Still, the mythology of the non-sequel Supergiant remained ubiquitous. Many of its most devoted fans simply didn’t think such a huge mainstream success would change the ethos of a studio that valued artistry over recognition or money. So it came as a utter one shock until a lot (including the Kotaku staffers watching trailers in the office) when Hades II was announced Bee The game prizes.
Most Hades fans were happywhile some Supergiant dies who also loved the game were appalled at what they saw was one departure of the studios independent mind. Both the gameplay and the story were similar Hades, which isn’t how the studio usually approaches game design. Even the name seemed an open capitulation to the realities of marketing this tweet suggests. As the developers of the daring original Pyre could surrender to the lure of money and success, what hope was there for the rest of the games industry? Last night was not just a party of Hades II. It was a mourning period for fans who held Supergiant to impossible standards.
Even the official FAQ in front of Hades II nods at this concern:
With each of our projects over the years, we have strived to take on a new challenge that tested our team’s creativity and taught us more about how we can make games together. One of those challenges that we spent a lot of time thinking about was trying to make a sequel that could somehow regain the sense of wonder and delight of its predecessor. Some of our favorite games of all time have achieved this! The question is, can we?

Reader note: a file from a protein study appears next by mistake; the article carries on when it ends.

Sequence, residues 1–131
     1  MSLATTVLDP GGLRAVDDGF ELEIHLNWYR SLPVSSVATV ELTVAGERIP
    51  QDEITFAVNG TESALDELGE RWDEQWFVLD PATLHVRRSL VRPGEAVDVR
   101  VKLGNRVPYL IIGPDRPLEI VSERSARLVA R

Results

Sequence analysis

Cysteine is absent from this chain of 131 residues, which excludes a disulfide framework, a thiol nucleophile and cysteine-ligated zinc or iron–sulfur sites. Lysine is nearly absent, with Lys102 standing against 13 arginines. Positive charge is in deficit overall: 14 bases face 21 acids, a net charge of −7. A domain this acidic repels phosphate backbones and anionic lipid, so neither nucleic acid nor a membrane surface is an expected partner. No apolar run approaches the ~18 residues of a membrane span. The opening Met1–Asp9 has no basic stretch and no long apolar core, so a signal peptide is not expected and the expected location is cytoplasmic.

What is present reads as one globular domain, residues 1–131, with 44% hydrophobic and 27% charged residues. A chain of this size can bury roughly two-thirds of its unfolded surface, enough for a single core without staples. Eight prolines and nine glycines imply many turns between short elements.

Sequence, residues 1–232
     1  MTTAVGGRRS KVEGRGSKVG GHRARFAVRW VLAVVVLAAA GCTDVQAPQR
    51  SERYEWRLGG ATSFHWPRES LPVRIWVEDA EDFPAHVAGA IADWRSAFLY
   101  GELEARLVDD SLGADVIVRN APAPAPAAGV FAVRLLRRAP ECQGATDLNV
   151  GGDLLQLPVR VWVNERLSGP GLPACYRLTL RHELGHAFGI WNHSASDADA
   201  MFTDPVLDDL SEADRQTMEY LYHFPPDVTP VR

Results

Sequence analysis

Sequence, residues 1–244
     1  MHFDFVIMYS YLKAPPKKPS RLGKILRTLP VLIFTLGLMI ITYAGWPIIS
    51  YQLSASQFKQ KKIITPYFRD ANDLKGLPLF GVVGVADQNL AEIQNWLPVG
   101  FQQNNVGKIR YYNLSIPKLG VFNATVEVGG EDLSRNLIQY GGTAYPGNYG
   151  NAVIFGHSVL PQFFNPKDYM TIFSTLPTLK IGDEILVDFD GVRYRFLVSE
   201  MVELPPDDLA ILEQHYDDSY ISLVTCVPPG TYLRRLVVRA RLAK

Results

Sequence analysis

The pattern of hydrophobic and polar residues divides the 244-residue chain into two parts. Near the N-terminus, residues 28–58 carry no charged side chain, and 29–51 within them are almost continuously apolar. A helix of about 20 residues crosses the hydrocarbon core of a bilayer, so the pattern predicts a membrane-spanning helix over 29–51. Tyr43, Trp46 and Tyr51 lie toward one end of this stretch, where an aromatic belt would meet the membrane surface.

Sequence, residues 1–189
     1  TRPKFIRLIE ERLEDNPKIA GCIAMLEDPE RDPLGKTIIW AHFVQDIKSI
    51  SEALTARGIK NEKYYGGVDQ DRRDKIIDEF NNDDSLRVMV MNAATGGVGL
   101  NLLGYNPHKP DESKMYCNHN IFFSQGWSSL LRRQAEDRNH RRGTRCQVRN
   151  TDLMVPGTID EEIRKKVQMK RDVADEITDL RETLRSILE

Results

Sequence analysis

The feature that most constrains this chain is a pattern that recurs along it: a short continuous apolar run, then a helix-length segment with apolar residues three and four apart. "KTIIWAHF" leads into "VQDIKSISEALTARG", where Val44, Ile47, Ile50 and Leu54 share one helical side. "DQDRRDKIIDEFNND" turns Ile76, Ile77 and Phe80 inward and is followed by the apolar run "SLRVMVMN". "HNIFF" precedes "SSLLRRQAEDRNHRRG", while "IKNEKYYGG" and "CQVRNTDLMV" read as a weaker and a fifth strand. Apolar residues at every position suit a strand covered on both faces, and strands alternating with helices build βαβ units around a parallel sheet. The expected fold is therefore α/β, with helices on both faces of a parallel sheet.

The quote sheds some light on Supergiant’s official stance on sequels. They will make sequels if they find the challenge creative enough. The game definitely looks and sounds like the first one Hades, but it also doesn’t even have a release date yet. Despite the impressions evoked by the reveal trailer, it’s quite possible that the game feel will be very different from that of the first game, or that it will be packed with surprises and innovations that we don’t see coming.